By Erica Reagle and Stacey L Nash | Updated Mar 28, 2022 11:20 AM
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The best floor fans are portable and versatile, designed to keep folks cool in areas throughout the home. Powerful yet lightweight, these fans offer a cost-effective alternative to blasting the AC when the weather is warm, helping you save on energy bills. Floor fans are available in several designs: traditional square-shaped box fans (which can often fit in windows as well as sit on the floor), high-velocity round air circulators, and tower fans.
Floor fans may come with various features, such as multiple speed settings, an adjustable tilt for direct air circulation, and rubberized feet to protect hardwoods and other surfaces. Many floor fans suit small or medium indoor spaces, such as bedrooms and home offices. Others are powerful enough to cool oversized areas, including great rooms, outdoor kitchens, and garages.
We tested each of the fans in our lineup to get a feel for how well they work in real-world conditions. Testing was done in the same location, an 860-square-foot workshop, so that we could evaluate how each fan performed individually and in comparison to each other. Use this guide for important shopping considerations and recommendations on some of the best floor fan models available.
ALSO TESTED: Geek Aire Rechargeable Outdoor High Velocity Floor Fan
Floor fans are available with a range of features and benefits specific to each model. When shopping for a floor fan, consider the room’s size and how you plan to use the fan. That will help narrow your choices based on size, design, cooling power, oscillation, speed settings, controls, and noise levels.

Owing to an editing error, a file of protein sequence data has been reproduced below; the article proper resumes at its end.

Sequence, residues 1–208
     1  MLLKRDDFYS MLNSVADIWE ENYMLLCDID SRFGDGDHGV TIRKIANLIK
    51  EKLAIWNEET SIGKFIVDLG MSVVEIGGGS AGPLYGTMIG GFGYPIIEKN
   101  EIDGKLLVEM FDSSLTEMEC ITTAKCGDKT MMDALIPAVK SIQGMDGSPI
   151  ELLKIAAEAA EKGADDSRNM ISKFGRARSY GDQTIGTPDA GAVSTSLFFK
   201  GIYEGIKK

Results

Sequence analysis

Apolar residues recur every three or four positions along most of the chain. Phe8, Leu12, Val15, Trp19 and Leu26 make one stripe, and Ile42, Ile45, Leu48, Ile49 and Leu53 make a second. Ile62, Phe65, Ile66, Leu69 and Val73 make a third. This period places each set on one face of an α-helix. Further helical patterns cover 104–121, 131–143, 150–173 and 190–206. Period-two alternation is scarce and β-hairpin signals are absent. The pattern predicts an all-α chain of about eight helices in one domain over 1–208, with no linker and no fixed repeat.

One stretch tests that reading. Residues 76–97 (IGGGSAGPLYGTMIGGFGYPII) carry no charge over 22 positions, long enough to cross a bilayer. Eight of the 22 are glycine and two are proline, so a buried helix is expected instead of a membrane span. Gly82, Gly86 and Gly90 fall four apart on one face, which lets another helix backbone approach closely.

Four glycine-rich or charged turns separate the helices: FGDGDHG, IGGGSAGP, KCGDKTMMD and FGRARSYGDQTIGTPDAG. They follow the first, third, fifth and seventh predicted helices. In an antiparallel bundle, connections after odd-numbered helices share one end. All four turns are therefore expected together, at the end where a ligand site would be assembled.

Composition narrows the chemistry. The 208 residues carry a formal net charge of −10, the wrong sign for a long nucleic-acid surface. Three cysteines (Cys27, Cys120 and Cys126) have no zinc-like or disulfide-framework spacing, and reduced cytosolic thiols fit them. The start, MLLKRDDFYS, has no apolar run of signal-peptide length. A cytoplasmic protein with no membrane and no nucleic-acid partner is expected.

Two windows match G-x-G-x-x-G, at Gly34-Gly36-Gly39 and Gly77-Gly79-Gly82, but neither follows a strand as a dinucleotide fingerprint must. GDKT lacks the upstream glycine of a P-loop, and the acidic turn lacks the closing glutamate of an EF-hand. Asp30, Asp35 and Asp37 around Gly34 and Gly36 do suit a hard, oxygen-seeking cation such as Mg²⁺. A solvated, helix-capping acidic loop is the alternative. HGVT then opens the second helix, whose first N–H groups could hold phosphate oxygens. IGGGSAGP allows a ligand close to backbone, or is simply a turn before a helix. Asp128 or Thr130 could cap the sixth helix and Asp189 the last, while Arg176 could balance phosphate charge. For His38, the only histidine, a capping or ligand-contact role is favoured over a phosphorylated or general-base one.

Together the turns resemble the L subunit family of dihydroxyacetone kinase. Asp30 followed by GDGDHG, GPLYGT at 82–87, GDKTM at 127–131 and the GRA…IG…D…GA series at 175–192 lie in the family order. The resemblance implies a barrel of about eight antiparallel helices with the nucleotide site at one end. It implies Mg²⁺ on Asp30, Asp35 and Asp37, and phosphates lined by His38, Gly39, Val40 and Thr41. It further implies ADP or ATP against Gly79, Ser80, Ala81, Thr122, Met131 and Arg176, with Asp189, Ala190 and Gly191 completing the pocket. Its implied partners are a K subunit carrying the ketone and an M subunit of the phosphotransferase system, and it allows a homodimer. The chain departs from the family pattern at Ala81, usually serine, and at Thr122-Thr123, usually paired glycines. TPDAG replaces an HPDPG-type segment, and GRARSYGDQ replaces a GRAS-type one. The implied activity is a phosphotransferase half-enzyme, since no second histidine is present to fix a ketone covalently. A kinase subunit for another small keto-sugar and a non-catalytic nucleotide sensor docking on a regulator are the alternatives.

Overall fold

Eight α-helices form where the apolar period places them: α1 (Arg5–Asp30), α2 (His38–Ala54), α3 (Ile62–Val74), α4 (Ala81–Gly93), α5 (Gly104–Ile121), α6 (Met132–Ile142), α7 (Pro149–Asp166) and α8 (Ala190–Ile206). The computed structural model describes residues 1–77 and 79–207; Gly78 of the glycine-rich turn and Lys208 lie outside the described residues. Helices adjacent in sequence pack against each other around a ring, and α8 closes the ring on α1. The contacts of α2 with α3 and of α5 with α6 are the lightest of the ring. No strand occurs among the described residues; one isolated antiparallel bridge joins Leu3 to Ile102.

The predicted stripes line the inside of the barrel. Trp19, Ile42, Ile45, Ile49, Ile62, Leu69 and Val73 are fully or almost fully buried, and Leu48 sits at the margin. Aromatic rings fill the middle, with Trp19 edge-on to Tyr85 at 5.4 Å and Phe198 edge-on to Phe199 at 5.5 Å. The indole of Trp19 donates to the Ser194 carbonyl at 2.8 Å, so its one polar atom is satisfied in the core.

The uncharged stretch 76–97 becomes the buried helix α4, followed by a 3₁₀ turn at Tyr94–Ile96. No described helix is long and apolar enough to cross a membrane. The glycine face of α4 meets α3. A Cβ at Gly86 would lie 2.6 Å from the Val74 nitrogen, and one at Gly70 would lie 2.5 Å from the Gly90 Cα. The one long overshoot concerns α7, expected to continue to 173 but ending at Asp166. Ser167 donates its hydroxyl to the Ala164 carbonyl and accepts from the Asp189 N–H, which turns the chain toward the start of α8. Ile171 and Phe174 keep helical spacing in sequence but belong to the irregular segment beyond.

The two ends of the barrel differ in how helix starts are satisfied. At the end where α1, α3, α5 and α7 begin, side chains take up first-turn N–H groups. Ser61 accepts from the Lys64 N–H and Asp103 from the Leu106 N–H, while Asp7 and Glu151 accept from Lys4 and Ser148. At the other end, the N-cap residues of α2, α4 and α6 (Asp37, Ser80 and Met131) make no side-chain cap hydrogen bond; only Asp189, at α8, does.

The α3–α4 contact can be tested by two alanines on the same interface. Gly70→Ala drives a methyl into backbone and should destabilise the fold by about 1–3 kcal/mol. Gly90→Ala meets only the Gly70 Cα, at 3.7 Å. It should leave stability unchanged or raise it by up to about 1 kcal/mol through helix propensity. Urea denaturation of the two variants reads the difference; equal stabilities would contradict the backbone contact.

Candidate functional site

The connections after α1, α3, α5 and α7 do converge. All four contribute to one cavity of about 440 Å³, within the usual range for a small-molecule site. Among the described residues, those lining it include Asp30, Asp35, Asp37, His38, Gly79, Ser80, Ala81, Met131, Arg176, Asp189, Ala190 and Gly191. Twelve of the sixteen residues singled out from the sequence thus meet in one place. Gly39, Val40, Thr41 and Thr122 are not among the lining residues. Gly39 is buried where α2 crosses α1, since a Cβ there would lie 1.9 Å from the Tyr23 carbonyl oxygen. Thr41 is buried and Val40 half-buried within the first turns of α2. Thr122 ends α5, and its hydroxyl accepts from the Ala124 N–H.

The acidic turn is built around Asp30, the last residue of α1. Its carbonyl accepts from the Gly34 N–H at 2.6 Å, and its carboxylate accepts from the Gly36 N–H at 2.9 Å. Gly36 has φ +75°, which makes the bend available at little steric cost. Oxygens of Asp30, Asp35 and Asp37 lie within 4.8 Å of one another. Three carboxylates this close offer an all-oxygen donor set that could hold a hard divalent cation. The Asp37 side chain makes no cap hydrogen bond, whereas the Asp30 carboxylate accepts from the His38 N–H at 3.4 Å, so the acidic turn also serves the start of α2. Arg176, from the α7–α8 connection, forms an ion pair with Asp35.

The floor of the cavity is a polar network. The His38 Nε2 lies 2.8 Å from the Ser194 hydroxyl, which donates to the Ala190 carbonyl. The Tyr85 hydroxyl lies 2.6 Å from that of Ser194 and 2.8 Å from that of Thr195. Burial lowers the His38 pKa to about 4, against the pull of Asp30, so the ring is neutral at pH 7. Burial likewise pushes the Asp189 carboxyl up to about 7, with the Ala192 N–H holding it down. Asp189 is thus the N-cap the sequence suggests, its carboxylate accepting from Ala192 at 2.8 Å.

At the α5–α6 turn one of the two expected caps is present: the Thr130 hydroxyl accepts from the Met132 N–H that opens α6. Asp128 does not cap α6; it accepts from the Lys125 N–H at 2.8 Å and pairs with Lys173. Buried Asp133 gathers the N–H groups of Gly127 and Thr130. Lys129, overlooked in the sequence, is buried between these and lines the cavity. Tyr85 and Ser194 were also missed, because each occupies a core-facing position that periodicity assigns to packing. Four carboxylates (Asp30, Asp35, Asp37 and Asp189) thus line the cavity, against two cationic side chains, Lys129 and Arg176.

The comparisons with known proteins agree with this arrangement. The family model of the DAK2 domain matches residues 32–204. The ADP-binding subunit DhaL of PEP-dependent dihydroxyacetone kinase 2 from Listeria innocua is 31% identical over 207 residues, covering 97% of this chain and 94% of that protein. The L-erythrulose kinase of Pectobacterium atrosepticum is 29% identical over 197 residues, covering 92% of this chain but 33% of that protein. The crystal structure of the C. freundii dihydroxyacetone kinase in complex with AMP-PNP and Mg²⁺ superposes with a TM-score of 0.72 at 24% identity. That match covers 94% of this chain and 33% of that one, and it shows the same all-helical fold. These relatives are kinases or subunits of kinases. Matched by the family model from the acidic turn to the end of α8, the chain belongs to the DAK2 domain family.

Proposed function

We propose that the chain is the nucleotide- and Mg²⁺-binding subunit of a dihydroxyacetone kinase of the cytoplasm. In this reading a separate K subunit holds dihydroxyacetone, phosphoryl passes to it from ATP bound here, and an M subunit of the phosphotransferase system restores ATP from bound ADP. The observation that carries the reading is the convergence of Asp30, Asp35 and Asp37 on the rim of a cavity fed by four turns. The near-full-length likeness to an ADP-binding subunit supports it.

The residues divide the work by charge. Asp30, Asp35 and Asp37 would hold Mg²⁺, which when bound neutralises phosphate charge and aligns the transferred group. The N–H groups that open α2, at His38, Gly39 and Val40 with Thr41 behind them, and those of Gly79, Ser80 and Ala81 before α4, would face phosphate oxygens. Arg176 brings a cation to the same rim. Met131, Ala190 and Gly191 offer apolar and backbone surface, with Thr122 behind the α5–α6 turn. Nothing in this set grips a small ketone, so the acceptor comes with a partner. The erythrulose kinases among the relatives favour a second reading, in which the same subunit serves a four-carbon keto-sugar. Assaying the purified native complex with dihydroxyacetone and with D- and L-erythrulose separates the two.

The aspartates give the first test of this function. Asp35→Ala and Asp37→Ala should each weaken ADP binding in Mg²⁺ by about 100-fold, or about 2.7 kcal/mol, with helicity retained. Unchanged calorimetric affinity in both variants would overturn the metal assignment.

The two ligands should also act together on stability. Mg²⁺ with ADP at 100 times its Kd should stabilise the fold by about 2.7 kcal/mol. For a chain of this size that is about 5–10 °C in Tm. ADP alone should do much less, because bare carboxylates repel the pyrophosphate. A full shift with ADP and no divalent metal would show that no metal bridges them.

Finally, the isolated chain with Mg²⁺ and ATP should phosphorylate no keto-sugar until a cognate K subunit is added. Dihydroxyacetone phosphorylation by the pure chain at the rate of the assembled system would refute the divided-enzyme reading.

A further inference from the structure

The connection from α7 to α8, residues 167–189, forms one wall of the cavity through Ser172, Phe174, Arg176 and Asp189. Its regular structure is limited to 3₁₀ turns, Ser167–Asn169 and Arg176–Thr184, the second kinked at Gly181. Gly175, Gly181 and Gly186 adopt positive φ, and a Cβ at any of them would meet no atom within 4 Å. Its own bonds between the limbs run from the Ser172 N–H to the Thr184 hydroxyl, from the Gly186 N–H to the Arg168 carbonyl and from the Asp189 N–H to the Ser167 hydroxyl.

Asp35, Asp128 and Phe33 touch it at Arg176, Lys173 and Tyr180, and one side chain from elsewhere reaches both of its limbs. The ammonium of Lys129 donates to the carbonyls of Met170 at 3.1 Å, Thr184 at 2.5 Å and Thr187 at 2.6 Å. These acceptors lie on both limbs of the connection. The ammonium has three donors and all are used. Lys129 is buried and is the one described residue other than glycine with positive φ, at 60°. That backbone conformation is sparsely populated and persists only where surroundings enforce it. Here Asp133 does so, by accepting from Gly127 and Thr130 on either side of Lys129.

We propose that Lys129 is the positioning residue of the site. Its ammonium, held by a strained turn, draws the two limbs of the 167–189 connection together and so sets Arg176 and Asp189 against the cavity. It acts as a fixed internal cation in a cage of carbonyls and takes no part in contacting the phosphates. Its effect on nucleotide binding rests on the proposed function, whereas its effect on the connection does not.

Floor fans vary in dimension (typically anywhere from 12 to 24 inches), with 20 inches considered average. A fan’s size and features are among the variables that contribute to its weight. The average 20-inch floor fan weighs approximately 10 to 15 pounds, which makes it easy to move. Small, personal floor fans can weigh as little as 2 pounds, while larger industrial floor fans can weigh 30 pounds or more.
A fan’s cooling power is measured by cubic feet per minute (CFM). This value measures how much air a fan moves every minute. Cfm varies by model based on the construction, size, motor, and blades. Fans with high CFM move air more quickly than fans with low CFM, which is why a high CFM value is recommended for larger areas (great rooms, greenhouses, garages) that require more air movement. While CFM is a great way to get an idea of a fan’s power and compare it to other models, not every manufacturer includes this information in the product description, packaging, or the owner’s manual.
Unlike standard box fans that blow in one direction, the blades of oscillating fans are housed in a case that rotates from side to side to provide broader air circulation. Typical oscillation settings offer 180-degree rotation for optimal air coverage. Some models have blades that rotate a full 360 degrees. There are also fans with the ability to pivot the hub up and down to direct air where it’s most needed. Some floor fans allow users to switch from standard to oscillation mode with the click of a button.